MD Ghising said that Nepal is in a high risk of energy security. As Nepal does not have substantial coal, oil and gas reserves, the country is completely dependendent on import for oil, gas and coal. Nepal is importing 30 percent of electricity to meet the demand. Nepal imports over 1 billion dollars equivalent of gas and oil. “We are at a high risk of energy security.”
With the total installed capacity of 1046MW, hydropower generates 993 MW. Out of this NEA produces 510 MW, IPP 483, and Thermal 53. Out of seven provinces, province 2 and 6 do not have any power projects and there are no projects currently under construction there as well.
As most of the rivers are run-off in nature, their production level drastically reduces during the winter. There is a gap during winter and, currently, NEA is importing an average of 400MW in dry season from India to meet the demand.
Out of the total electricity supplied by Nepal, 93.96 percent of electricity is consumed for domestic purposes. There is merely 1.42 percent in industry and 0.45 for commercial purposes and 4.04 percent by others.
At a time when average imports of petrol by 20.37 percent, diesel 20.24 percent and LPG by 15.77, Nepal’s energy completely dependent on import with high energy security risk. Nepal imported 400,000 metric tons of LPG, over 400,000 kiloliter of petrol and 1.5 million kiloliter of diesel. Given the increase in imports of automobiles, Nepal’s reliance on the imported oil is likely to increase in the future.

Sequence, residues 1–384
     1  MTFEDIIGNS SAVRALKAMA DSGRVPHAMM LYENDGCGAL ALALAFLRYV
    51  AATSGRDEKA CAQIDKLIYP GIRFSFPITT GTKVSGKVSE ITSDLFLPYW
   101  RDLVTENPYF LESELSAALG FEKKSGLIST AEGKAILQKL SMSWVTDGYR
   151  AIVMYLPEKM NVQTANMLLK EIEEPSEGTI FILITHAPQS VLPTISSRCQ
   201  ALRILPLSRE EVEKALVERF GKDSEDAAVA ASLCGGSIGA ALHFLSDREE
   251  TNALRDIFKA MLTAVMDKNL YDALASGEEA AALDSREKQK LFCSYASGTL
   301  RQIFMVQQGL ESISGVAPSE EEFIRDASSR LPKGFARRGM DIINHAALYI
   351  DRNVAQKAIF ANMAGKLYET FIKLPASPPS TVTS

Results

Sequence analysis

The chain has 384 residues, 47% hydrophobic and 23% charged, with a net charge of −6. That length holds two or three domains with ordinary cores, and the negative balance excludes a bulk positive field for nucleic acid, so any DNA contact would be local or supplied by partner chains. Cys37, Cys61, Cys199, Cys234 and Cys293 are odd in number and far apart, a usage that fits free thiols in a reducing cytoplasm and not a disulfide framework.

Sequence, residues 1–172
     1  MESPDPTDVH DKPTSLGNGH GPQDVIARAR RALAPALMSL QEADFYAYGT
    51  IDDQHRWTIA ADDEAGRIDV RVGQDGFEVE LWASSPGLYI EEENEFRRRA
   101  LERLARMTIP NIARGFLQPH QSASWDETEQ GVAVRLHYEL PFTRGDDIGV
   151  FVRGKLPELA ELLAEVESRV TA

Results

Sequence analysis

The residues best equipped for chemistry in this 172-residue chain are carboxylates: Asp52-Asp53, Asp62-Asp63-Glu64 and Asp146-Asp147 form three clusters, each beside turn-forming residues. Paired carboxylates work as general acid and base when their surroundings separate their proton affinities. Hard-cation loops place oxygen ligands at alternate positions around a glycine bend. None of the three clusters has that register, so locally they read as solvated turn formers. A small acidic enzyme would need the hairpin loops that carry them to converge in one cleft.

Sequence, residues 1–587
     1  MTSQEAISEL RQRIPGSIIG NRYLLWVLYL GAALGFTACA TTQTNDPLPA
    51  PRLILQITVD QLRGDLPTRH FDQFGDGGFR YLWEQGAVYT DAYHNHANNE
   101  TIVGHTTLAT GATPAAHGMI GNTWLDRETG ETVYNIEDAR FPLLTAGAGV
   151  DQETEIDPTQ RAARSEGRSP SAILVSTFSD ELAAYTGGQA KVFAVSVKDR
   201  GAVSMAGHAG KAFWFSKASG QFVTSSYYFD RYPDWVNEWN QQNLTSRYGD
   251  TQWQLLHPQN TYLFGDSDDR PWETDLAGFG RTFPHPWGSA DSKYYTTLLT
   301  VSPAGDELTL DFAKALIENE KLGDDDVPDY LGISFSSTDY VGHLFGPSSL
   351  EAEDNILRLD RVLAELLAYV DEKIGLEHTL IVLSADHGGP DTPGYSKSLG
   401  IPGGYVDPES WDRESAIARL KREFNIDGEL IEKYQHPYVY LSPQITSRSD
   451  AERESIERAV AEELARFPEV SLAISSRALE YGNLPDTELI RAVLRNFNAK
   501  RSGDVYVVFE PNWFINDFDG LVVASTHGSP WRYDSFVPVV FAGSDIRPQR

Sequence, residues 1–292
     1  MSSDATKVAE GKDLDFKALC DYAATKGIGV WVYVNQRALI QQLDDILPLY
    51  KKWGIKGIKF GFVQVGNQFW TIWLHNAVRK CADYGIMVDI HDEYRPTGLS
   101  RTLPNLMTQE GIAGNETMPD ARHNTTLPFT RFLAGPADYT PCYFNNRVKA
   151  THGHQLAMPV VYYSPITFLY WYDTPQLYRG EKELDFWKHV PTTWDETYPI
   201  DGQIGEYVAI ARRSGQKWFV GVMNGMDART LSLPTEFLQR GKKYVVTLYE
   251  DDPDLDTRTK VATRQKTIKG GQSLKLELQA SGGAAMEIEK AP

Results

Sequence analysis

“With the huge potential for clean hydro energy, Nepal can reduce imports of petrol, diesel and LPG by constructing the hydropower projects. This will help us save our hard earned foreign currency as well,” said Ghising, presenting the paper. “If we increase our investment in production and transmission, Nepal can achieve energy security.”
Nepal has been facing several challenges now in the energy sector. There is a constraint of transmission line as well. Under the leadership of MD Ghising, Nepal has made a remarkable progress in many energy sectors. This is the reason NEA is currently working to end the load-shedding in industrial sector as well.
“NEA could supply regular electricity to the Birgunj Industrial Corridor immediately as power import from India had gone up following the upgrade of the Raxaul-Parwanipur cross-border transmission line. Along with the supply capacity enhancement, the power utility has been upgrading and augmenting the distribution system. This will meet the increased demand in future,” according to NEA. It is reported that NEA has been developing distribution system eyeing the potential of industrialization.
A recent study carried out by NEA has shown that energy security is a key to the overall economic growth. According to a study carried out by Nepal Rashtra Bank, in major industrial blocks, namely, Kathmandu, Biratnagar, Birgunj, Janakpur, Pokhara, Butwal, Nepalgunj and Dhangadi, the average capacity utilization of industries in fiscal 2016-17 stood at 57.3 per cent against 48.2 per cent in 2015-16. Industrial GDP in fiscal 2016-17 recorded a double digit growth, according to the central bank report.
Industries were compelled to use diesel generators to operate before the NEA improved electricity supply to industries. Along with bringing down the production cost, a regular power supply to industries will also increase the lifespan of machines, said industrialist.